Academics Can't Explain 'Astonishing' Decline in Plaintiffs' Win Rate
Plaintiffs mysteriously lost twice as many federal cases in 2009 than they had 24 years earlier, according to a new study.
Two University of Connecticut law professors said the plaintiffs' win rate declined about 50 percent from 1985 to 2009. It was a trend the professors cannot explain.
"I'm an academic, I don't like to speculate," said Peter Siegelman, who co-authored the study with Alexandra Lahav.
The academics said the drop was "astonishing" in their paper, "The Curious Incident of the Falling Win Rate." Between 1985 and 1995, the win rate dropped the most -- from 70 to 30 percent -- before leveling out at 35 percent.
"A significant puzzle remains unsolved," the professors wrote.
Lahav and Siegelman rejected some reasons for the decline: shift in case types; volume of bad cases; defensive strategies. Instead, Reuters reported, judicial attitudes may have changed.
"It's possible," Alison Frankel wrote, "that in the critical time frame of 1985 to 1995 judges were more skeptical of plaintiffs' claims and more likely to enter judgments for defendants."
The researchers said they didn't have enough data to conclude that judicial attitudes towards plaintiffs changed over the time period, the ABA Journal reported.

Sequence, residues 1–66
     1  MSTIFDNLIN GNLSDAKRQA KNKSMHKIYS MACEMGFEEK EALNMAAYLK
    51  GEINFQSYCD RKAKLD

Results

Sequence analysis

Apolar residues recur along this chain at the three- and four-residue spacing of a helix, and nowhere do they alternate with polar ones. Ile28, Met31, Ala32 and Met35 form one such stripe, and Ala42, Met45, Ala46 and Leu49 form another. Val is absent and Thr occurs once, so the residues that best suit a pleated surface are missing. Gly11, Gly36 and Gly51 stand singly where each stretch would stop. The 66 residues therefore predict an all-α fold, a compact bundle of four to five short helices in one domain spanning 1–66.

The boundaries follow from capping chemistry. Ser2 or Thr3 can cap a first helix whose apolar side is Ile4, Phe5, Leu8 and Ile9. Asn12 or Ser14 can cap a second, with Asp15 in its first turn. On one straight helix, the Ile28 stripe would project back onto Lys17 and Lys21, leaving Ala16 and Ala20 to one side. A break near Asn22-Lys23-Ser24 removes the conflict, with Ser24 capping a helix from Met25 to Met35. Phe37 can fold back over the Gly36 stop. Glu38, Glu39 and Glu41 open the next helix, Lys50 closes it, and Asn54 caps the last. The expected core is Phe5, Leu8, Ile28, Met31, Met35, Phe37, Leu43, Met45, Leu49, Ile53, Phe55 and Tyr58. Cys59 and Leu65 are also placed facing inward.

"What our results show is that there's a need to study the court system to understand what happens in the aggregate," they said. "There are systemic things going on."
Court watchers -- and plaintiffs' attorneys -- have seen it in action. More prisoner habeas cases, for example, have a low win rate.
While politics do not account for everything, Republican appointees dominated the federal bench until President Obama tilted the balance toward Democrats in 2013.
Have an open position at your law firm? Post the job for free on Indeed, or search local candidate resumes.
- The Polarized Court (New York Times)
- 'Participatory Defense' Helps Public Defenders (FindLaw's Strategist)
- Law Firms Beef Up Specialty Business (FindLaw's Strategist)
FindLaw has an affiliate relationship with Indeed, earning a small amount of money each time someone uses Indeed's services via FindLaw. FindLaw receives no compensation in exchange for editorial coverage.
You Don’t Have To Solve This on Your Own – Get a Lawyer’s Help
Meeting with a lawyer can help you understand your options and how to best protect your rights. Visit our attorney directory to find a lawyer near you who can help.